MRU one semester in
by Zoey Duncan
One semester into Mount Royal’s new existence as a university, plenty of changes are underway, and many more are brewing
The school has changed beyond recognition since Ron MacDonald began teaching at Mount Royal. MacDonald, an associate professor of journalism, said when he started 25 years ago the student population of what was then called Mount Royal College was only about 4,000, compared to today’s 13,000. All classes took place in the main building – the only building – and all students were working towards diplomas in their respective fields.
“It should have been a university ten years ago,” said MacDonald.
Today at Mount Royal University, “there is a tremendous amount of activity,” he said. Various faculties are rolling out the courses that they have spent so long creating, new institution-wide learning outcomes are being developed, and research projects are underway throughout the institution.
Some of the changes at the institution are more apparent than others. Those people at the front of the classroom who used to be called instructors are now known as associate or assistant professors, depending on their tenure, said MacDonald.
He said was surprised by how smoothly the transition in titles went compared to the difficulties that faculty at Grant MacEwan University are experiencing following their change to university status last semester.
“This is the kind of thing that people fight duels in the parking lot over,” MacDonald said.
New research is underway within faculties and throughout the school. MacDonald is one of 10 faculty members doing research for the Institute for Scholarship of Teaching & Learning, where the research includes examining how students learn. MacDonald’s research focuses on understanding how journalism students think and practice on their way to becoming journalists.
MacDonald said that the ability to do research and spend time thinking about what he’s teaching was something that was missing before.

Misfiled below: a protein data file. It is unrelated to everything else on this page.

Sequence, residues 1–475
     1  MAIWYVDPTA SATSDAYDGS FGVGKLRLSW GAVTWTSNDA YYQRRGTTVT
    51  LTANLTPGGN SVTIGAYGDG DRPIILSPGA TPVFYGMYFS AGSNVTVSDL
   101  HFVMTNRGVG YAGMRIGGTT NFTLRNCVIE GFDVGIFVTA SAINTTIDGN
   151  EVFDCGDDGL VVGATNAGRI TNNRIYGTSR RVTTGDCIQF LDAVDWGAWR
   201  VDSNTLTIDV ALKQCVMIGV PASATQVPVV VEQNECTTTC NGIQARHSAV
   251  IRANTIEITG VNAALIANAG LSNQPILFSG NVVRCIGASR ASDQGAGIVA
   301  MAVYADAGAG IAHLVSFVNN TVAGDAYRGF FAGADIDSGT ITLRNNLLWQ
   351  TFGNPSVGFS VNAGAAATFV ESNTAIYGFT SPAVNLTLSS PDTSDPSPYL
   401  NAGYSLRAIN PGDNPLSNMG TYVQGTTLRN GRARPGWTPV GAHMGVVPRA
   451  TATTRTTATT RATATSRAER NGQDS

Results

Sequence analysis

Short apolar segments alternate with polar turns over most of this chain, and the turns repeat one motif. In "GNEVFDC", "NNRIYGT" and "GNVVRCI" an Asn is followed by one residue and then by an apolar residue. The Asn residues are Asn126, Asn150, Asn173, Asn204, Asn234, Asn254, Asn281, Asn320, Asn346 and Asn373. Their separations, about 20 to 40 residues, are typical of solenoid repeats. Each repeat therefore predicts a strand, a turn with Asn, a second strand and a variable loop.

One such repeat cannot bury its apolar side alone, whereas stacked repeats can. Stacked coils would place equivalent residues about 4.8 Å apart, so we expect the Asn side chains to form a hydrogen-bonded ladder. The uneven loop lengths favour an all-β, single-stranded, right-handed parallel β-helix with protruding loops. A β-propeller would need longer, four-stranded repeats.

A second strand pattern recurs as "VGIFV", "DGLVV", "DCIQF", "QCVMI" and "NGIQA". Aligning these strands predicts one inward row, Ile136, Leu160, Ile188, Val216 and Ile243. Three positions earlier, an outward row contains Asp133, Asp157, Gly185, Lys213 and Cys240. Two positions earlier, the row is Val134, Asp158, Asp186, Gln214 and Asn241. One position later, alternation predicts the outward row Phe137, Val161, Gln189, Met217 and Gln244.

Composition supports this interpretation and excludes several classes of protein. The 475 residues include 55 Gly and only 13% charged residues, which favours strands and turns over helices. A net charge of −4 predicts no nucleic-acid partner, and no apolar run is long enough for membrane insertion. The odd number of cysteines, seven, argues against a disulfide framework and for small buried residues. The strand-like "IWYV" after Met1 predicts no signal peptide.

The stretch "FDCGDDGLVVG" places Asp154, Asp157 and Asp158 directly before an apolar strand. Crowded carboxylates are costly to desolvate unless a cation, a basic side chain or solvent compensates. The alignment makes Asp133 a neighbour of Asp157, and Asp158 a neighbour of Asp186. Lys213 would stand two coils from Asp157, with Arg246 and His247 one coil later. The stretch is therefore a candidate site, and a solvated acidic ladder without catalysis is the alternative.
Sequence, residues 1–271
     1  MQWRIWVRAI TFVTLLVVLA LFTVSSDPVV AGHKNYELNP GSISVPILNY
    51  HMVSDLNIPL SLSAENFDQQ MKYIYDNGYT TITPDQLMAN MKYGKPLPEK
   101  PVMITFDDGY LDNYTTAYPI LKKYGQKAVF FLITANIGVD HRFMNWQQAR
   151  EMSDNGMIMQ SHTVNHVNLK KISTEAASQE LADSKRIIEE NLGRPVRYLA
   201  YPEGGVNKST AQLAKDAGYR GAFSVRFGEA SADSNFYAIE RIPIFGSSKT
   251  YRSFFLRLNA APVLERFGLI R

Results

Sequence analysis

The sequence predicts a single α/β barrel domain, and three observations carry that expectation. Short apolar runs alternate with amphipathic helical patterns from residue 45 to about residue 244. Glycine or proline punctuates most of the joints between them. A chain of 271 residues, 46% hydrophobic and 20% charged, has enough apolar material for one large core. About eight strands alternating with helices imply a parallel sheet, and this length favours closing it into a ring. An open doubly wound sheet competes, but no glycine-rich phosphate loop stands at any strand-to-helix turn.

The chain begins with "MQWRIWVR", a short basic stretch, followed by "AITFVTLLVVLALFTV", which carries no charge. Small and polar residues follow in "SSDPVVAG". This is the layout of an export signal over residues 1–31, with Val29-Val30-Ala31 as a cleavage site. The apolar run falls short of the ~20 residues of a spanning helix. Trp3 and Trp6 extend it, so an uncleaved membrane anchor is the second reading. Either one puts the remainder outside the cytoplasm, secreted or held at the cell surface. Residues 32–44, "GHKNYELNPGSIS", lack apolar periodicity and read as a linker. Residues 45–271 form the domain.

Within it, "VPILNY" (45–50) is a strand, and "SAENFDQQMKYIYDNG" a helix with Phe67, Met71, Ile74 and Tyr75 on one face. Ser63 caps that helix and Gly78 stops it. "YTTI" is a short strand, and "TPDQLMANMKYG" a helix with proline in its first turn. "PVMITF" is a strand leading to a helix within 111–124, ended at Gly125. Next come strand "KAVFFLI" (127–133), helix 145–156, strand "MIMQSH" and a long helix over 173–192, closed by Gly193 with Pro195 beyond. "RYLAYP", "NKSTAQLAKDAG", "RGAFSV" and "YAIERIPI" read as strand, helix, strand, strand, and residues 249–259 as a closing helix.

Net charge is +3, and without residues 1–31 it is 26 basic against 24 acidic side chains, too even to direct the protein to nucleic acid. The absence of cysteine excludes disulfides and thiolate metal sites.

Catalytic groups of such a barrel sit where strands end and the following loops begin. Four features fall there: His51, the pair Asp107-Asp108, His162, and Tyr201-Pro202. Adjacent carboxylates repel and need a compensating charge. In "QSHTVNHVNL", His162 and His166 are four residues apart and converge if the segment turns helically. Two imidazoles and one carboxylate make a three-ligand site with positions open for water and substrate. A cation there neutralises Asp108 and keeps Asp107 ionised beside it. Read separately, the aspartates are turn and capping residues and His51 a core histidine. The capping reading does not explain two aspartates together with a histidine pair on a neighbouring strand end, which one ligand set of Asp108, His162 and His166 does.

Even with a new emphasis on research, there is still a high value placed on the needs of students.
“Definitely the university’s focus is on students and on teaching,” said Erin Delamont, VP Academic for the Students’ Association of Mount Royal University. She said that professors are always expected to maintain a high quality of teaching, and it’s not sufficient for them to do only research. “We’re very unique in that way.”
Other changes include higher costs for courses and new requirements for students who are pursuing bachelor’s degrees.
“It’s really confusing for students, I think,” said Chris Giancarlo, an associate professor of anthropology. Giancarlo, who has taught at MRU for 18 years, said she thinks the new general education requirements add “a lot more stress” for students, on top of worrying about getting value for their money from newly developed courses.
Even with a bit of confusion, general education courses provide an opportunity for students to get a more interdisciplinary education, which Giancarlo said is moving in the right direction.
Giancarlo is a sessional instructor who is on a contract and paid per course. She said that while contracted professors are “totally cheaper” for the institution, they’re not in the best interests of students.
“We’re less versatile for the students than the students would like,” she said, noting that she would like more research opportunities available for students who want to do fieldwork.
Another potential disadvantage of contracted professors, according to Giancarlo, is that their names don’t appear on the course schedule when students are choosing classes.
“You guys (students) are consumers,” she said, including that students should be able to shop around for the best value for their class by reading reviews on ratemyprofessors.com.
Some changes won’t affect present students, but will impact on who will comprise the future student body. Giancarlo said that in her early days of teaching, the priority for students was getting an education that would lead to a good job and wage. Now, students’ goals have changed, and they are enrolling in programs that they’re interested in, and can build their lives around.
“The stigma of us being second choice to U of C has declined,” Giancarlo said.
MacDonald agreed that the quality of education at Mount Royal is becoming apparent to a wider community. “[MRU] has the added advantage of having classrooms that won’t hold more than 35 students,” he said.
Mount Royal’s reputation as a formidable post-secondary option has led to an increase in applications.
“One of the [new] challenges is the grade expectations,” said Delamont. She said that with more applicants for programs, only the students with the highest grades are getting accepted. In some programs, such as the bachelor of business administration (BBA), an average of 72 per cent in high school classes used to suffice, but now students require 82 per cent.
Delamont, who is pursuing a BBA herself, said that within planning committees there is strong focus on the new library.
“It’s really up in the air still,” she said. “[The library is] one of the things we were most nervous about.”
While there is no solid date for the completion of a new library, Delamont said if she had to estimate, she would say it could be open in 2014.
How well is Mount Royal living up to its University status? Have your say online at thereflector.ca.